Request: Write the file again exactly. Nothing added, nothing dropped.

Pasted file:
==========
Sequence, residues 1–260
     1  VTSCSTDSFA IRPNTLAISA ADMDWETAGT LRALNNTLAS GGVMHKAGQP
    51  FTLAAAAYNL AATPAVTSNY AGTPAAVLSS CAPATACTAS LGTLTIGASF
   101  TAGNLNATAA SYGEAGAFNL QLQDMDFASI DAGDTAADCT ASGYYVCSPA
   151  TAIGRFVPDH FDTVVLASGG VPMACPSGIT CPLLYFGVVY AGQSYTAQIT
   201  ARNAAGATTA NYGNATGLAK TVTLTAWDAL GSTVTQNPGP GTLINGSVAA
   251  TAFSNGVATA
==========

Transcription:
Sequence, residues 1–260
     1  VTSCSTDSFA IRPNTLAISA ADMDWETAGT LRALNNTLAS GGVMHKAGQP
    51  FTLAAAAYNL AATPAVTSNY AGTPAAVLSS CAPATACTAS LGTLTIGASF
   101  TAGNLNATAA SYGEAGAFNL QLQDMDFASI DAGDTAADCT ASGYYVCSPA
   151  TAIGRFVPDH FDTVVLASGG VPMACPSGIT CPLLYFGVVY AGQSYTAQIT
   201  ARNAAGATTA NYGNATGLAK TVTLTAWDAL GSTVTQNPGP GTLINGSVAA
   251  TAFSNGVATA